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Based on these results and the few studies cited above, it is impossible to determine whether these differences in job seekers focus are a result of changing values and roles as workers age, or signs of broader generational differences. There have been many hypotheses lately on the differences between Millennials, Gen X-ers, and Baby Boomers in the workplace, with hundreds of firms fighting for their place in a $150 billion global HR consulting space.  However, other studies suggest that the generations may not be so different after all. IBM’s Institute for Business Value released a report in 2014 based on 1,784 employees across the globe that found workers across all generations share similar workplace values. Nationally, CNBC found similar results in 2015. Multiple studies have found that across generation, race, and gender, employees tend to want the same things out of their work. Instead, it seems to be the importance of each factor and the way that these factors are defined that shifts with age and life stage.

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What Matters Most to Job Seekers

Many studies show that compensation is still the most important factor for employees at work.  However, generational shifts have been observed regarding other relevant workplace factors such as work culture, ability to work from home, and health benefits.  RealTime Talent is interested in knowing what is most important in a job to Minnesotans.  Respond to the question below to add your perspective, and check back in a few weeks for the results!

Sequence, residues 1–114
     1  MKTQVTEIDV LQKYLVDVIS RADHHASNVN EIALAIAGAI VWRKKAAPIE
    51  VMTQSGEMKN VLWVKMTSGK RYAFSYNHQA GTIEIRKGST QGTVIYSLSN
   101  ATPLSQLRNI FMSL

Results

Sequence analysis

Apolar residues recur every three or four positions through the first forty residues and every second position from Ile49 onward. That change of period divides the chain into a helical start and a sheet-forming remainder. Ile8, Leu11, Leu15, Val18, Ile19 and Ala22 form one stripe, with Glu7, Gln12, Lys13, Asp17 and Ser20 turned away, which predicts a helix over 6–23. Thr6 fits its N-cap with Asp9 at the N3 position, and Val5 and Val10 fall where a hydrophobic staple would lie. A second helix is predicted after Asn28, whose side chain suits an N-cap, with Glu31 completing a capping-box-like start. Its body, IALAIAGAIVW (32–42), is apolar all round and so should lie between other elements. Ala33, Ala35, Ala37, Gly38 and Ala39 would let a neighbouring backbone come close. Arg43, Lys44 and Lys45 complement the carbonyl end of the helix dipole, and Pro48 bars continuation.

WorkFountain: What it is, and how it is a different way to look for work

WorkFountain is a data-driven web platform that matches talent of all levels to opportunities across all industries, based not only on skills or experience, but job interests, too.  Created by Michigan-based tech company Digerati, the goal of the platform is to reduce hiring bias for candidates, and give employers more streamlined access to the best candidates.

WorkFountain is different from traditional jobs boards in that it does not rely on surface level keyword searches or even resumes. WorkFountain’s matching algorithms instead put Department of Labor data to work in customizable employer and candidate surveys that are specific to each type of job.

Overall, the site enhances the performance and returns of traditional job boards, dynamically scoring and ranking the tens, hundreds, or thousands of applicants their posting receives, in one central location.

For the 30 days of the posting’s life, the platform continuously searches for new candidates to score and rank for consideration. This persistent pre-screening means best-fit candidates are always visible first at any given time.